Until recently, I had a voracious sugar free gum addiction. For years I carried pink packs of Trident bubble gum everywhere I went. I stashed them in my purse, my glove box, and my tennis bag. It started about eight years ago when I was trying to maintain the weight I had lost and needed something to keep my mouth occupied so I wouldn’t reach for more chocolate (another little addiction). Over the years, it also served as a stress reliever, a time-waster, and, it wasn't long before I constantly craved the sickly sweet chewy little gems. It was a habit that left my jaw sore and my stomach gassy and distended. I had tried half-heartedly over the years to kick it with no success. Until this past October, when I had enough of feeling like crap, and I was pissed the gum had so much control over me, so I decided to quit. For real. Since I was headed on a girl's trip to hike in Zion National Park, I figured it was the perfect time to try to go cold turkey (although my travel buddies may not have appreciated my timing). And it worked. I quit. Because I could. I had a full functioning healthy brain that said: "Hey lady, it's making you feel sick, so stop doing it!"
That wasn't always the case.
"I cannot believe I let myself get this bad," I said to my dietician Gretchen. Again. We often started our sessions this way, with me berating myself for allowing anorexia to become a thing for me, "why didn't I stop this before I made myself so, so…. Sick!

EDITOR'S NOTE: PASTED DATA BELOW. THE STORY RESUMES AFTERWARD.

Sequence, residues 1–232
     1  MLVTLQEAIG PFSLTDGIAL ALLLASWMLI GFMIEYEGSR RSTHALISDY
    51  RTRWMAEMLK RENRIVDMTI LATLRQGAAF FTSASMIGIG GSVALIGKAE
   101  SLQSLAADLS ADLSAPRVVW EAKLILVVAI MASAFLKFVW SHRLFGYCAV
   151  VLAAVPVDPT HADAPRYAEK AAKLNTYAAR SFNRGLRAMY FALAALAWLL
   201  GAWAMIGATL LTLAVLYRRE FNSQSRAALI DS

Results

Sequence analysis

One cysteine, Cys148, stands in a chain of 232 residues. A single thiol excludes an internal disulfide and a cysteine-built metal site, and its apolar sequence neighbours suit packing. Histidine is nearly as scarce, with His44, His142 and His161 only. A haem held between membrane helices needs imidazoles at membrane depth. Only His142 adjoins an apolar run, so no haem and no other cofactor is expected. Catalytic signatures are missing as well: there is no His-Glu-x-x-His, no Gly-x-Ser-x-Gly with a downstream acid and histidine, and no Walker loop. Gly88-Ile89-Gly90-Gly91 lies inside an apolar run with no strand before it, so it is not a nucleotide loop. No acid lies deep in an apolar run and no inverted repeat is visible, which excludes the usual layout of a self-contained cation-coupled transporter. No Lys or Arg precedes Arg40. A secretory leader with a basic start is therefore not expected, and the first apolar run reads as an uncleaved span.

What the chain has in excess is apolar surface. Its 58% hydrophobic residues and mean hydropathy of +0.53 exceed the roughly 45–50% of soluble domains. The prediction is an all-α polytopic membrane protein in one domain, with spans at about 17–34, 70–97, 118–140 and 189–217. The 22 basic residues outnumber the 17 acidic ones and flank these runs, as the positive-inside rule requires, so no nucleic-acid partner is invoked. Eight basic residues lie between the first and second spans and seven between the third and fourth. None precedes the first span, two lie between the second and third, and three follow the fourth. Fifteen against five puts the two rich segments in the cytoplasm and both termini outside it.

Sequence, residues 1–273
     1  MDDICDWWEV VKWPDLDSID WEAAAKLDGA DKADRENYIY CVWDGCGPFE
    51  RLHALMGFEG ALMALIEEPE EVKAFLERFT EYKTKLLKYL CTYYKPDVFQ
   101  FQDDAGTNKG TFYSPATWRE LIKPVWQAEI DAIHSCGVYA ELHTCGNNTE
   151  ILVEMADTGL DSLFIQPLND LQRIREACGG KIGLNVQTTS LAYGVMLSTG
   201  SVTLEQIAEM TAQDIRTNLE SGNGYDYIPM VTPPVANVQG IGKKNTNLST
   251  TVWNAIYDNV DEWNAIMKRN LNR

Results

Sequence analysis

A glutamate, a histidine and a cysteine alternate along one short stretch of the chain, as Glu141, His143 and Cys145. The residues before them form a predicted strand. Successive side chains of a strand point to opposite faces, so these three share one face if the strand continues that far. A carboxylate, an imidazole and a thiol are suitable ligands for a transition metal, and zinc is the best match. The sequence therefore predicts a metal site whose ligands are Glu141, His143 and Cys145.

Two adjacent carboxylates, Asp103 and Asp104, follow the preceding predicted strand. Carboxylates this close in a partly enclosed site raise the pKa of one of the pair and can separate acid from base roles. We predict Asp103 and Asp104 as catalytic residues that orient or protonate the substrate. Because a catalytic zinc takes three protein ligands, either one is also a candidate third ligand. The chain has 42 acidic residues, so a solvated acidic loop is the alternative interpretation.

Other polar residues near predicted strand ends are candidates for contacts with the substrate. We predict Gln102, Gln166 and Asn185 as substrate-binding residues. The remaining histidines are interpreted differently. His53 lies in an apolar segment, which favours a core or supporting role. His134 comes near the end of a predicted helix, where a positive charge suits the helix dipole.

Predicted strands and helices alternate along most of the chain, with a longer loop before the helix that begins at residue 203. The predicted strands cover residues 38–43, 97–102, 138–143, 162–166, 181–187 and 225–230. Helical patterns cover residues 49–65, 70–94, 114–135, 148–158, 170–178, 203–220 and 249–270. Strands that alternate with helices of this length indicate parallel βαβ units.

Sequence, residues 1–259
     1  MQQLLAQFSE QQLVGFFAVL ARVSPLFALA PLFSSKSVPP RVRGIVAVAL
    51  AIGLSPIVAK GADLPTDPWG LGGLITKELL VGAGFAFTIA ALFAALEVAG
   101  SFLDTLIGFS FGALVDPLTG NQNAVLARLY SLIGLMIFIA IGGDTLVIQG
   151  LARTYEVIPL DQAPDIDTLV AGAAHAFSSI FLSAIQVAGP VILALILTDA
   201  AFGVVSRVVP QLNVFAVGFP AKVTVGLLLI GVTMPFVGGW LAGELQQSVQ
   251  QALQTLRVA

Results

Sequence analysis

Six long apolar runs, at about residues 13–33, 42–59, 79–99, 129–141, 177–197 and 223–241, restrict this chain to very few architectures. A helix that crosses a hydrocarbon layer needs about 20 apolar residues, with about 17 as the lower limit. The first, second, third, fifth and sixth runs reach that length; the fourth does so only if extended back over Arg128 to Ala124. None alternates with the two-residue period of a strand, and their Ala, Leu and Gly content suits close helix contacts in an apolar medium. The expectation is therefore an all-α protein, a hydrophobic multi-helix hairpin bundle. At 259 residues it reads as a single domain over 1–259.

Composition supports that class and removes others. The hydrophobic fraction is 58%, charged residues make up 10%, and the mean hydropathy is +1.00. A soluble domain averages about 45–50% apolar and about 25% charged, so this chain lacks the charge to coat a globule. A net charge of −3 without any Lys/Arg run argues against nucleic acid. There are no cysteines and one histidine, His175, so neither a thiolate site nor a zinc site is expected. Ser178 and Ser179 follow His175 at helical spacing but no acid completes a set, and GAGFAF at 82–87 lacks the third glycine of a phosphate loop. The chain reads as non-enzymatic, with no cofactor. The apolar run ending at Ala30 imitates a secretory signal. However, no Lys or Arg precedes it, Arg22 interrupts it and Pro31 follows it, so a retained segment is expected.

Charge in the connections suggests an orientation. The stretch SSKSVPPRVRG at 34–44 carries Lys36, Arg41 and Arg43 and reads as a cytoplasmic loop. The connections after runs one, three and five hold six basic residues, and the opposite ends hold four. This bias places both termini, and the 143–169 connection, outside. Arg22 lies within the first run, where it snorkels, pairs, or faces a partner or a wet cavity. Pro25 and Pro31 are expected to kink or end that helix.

“Oh sweetie, you have been living with two brains, she explained, “the normal Sherri brain, and the anorexic brain. They have been fighting for space in your head, and for years, the anorexic brain has been dominating and protecting the illness."
I knew my behaviors caused my body to shrink, but I had no idea my brain had shrunk as well, changing its shape, its chemical structure and its ability for rational thinking.
Slowly over the past decade my anorexic brain (I nicknamed AB while in treatment) became much louder and bossier than my Sherri brain, aka SB (creative I know). Even when I became aware I needed to make changes like eating more and moving less, I was never able to do so for more than a day. AB was very persuasive.
When my hair was starting to fall out leaving clumps in my brush and clogging the shower drain, I chalked it up to an allergic reaction to my new hair color. After my period stopped arriving month after year, I Googled and found that amenorrheawas common in runners. Chipped and cracked teeth were a result of too much sugar, my skyrocketing cholesterolwas hereditary, and my poor digestion was due to stress, being dehydrated and the fact my body didn't care for hidden preservatives. I had a rationale for everything.
Yes, I had a doctor I saw often. She suggested I add avocado in my diet. Yes, I had a dentist I saw every six months. He shoddily pieced my teeth back together. What I didn't have was a healthy brain to scream at me, "Hey lady, it's killing you, stop doing it."
Self conscious of my thinning hair, I began to wear a lot of hats. (2013)